Global Warming Alters Arctic Food Chain, Scientists Say, With Unforeseeable Results

Nov 23, 2016

By Carl Zimmer

The Arctic Ocean may seem remote and forbidding, but to birds, whales and other animals, it’s a top-notch dining destination.

“It’s a great place to get food in the summertime, so animals are flying or swimming thousands of miles to get there,” said Kevin R. Arrigo, a biological oceanographer at Stanford University.

But the menu is changing. Confirming earlier research, scientists reported Wednesday that global warming is altering the ecology of the Arctic Ocean on a huge scale.

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2 comments on “Global Warming Alters Arctic Food Chain, Scientists Say, With Unforeseeable Results

  • Meanwhile in Antarctica there are two new related news items:-

    The melting Antarctic glacier that now contributes more to sea-level rise than any other ice stream on the planet began its big decline in the 1940s.

    This is when warm ocean water likely first got under Pine Island Glacier (PIG) to loosen the secure footing it had enjoyed up until that point.

    Researchers figured out the timing by dating the sediments beneath the PIG.

    It puts the glacier’s current changes in their proper historical context, the scientists tell Nature magazine.

    These changes can now be regarded as unprecedented in thousands of years.

    Not only is the glacier going backwards, it is also thinning fast – losing more than 2m in elevation every year.

    Other field studies and computer models suggest a runaway collapse might even be possible. The PIG on its own could add up to 10mm to sea levels over the next couple of decades.

    “This glacier used to be pinned to a ridge and once it moved away from that ridge, it started to retreat rapidly; and without other pinning points it could continue to retreat rapidly inland, contributing significantly to global sea level,” Dr James Smith from the British Antarctic Survey told BBC News.

    The PIG is a colossal feature that drains a region of the West Antarctic Ice Sheet some two-thirds the size of the UK.

    It is a marine-terminating glacier, which means its front flows off the land and pushes out into the ocean along the seafloor until its mass begins to lift up and float. Eventually, the buoyant section breaks up to form icebergs.

    Currently, the PIG is dumping about 130 billion tonnes of ice in the ocean every year.

    Submersible surveys under its floating front – its “ice shelf” – had revealed the contact point with the seabed once draped over a large ridge.

    Having a “grounding line” in such a position would have helped anchor and constrain the whole glacier.

    Some of the earliest satellite imagery indicated the PIG must have broken free completely of this pinning bump in the 1970s, but when exactly it started to disengage was far less certain.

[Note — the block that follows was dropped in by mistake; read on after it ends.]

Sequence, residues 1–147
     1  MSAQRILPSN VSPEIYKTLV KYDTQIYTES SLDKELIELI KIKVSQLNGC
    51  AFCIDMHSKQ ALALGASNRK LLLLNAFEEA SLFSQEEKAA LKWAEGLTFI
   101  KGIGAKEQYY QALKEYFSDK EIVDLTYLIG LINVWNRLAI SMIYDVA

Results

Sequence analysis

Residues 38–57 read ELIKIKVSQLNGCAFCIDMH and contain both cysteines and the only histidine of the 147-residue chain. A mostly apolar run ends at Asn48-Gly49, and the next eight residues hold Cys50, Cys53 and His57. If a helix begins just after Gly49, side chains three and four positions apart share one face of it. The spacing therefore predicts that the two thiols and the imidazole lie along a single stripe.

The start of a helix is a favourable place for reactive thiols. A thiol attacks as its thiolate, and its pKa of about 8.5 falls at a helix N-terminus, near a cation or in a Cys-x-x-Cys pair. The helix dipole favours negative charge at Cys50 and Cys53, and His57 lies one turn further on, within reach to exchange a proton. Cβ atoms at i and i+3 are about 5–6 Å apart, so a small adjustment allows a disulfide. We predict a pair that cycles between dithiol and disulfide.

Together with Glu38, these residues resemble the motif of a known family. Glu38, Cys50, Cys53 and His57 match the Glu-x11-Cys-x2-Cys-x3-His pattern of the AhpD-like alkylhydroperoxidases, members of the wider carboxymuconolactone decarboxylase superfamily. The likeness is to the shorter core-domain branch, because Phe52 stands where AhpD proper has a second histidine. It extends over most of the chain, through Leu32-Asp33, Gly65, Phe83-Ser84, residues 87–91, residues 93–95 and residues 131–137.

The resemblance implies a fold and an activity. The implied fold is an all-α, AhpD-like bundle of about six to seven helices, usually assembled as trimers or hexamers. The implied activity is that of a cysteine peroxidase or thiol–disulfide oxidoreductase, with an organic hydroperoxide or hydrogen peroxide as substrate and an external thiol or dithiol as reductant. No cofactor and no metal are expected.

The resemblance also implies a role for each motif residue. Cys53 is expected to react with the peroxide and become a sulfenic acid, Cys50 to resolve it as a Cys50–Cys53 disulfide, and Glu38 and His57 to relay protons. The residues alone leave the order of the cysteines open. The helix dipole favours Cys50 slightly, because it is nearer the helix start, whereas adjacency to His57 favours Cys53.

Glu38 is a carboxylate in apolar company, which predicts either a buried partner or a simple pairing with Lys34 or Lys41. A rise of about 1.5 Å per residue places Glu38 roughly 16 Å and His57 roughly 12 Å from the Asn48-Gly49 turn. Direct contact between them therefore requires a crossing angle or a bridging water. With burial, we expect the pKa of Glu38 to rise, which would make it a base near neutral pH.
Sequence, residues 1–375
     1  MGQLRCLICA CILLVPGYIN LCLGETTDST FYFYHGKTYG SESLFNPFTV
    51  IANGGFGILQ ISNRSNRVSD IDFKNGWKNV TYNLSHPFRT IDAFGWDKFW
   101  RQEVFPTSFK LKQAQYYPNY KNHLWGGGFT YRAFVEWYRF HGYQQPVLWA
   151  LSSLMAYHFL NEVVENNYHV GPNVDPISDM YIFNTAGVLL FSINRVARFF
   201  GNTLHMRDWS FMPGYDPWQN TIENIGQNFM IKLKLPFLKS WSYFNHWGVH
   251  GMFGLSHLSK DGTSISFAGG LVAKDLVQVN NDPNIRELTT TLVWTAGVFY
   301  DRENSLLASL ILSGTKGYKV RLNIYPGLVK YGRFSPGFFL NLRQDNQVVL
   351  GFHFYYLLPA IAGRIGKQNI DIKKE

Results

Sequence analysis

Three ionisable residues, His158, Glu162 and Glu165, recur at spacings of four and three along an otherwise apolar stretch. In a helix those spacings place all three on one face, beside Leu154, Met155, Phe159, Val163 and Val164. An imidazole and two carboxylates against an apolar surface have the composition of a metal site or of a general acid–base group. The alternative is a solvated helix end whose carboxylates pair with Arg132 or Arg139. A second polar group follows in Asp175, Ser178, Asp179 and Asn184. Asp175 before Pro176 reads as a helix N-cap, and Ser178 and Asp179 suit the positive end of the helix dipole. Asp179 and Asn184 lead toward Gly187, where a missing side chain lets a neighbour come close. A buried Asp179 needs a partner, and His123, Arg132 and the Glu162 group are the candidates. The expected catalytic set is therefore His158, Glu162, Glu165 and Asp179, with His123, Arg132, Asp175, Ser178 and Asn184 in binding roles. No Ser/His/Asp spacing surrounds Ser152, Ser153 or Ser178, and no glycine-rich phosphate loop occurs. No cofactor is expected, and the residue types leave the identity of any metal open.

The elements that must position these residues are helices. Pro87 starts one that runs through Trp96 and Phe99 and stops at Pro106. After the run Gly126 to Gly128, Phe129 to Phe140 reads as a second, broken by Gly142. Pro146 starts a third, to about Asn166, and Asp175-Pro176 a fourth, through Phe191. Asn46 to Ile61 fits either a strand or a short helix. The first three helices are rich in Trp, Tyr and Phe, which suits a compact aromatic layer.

It could have been many decades previously; several centuries or even millennia ago.

    Now, Dr Smith and colleagues look to have solved this problem.

    They drilled through the ice shelf to sample, analyse and date the muddy sediments that cover the ridge. And their investigation reveals that warm water is likely to have started to melt a cavity in the grounded glacier behind the pinch point in about the mid-1940s.

    One of the reasons they can be sure of the timing is because of where plutonium traces start to appear in the sediment layers.

    This radioisotope is a tell-tale signature for the atomic bomb tests that began in earnest after WWII and which peaked in the 1960s.

    It leaves open the question of why the unpinning of the PIG occurred when it did, but the team point to the strong warming the region would have experienced following a big El Nino event between 1939 and 1942.

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  • The second news item is on the extent of the floating summer sea-ice around Antarctica.

    Log books from the early Antarctic expeditions indicate that the area of summer sea-ice around the continent has barely changed in size in a century.

    Researchers have studied the records of pioneering explorers, including Captain Robert Scott and Sir Ernest Shackleton.

    The study suggests that Antarctic sea-ice is much less sensitive to climate change than the Arctic, which has declined dramatically.

    The research has been published in The Cryosphere journal.

    A century ago Captain Scott and Sir Ernest Shackleton were among those who ventured into completely uncharted territory.

    They were the bravest explorers of their age. At the time, their voyages brought a totally new understanding of the Antarctic landscape. And now their records are giving scientists new data on the impacts of climate change.

    Some data collected by whaling vessels suggests the extent of Antarctic summer (December, January, February, March) sea-ice was significantly higher during the 1950s, before a steep decline returned it to around six million square kilometres (average across the four months) in recent decades.

    But the log books of the “heroic explorers” show that over the long term, the amount of ice has changed very little. It has merely ebbed and flowed.

    Dr Jonathan Day of the University of Reading who led the study says his analysis indicates that the extent of Antarctic summer sea-ice is at most 14% smaller now than during the early 1900s.

    “The Antarctic sea-ice a hundred years ago was fairly similar to what it is today. That is not much if you contrast this with the Arctic which has lost 26% of its extent,” he told BBC News.

    Any guesses as to which bits of which report, the deniers will pick out and circulate to their followers?

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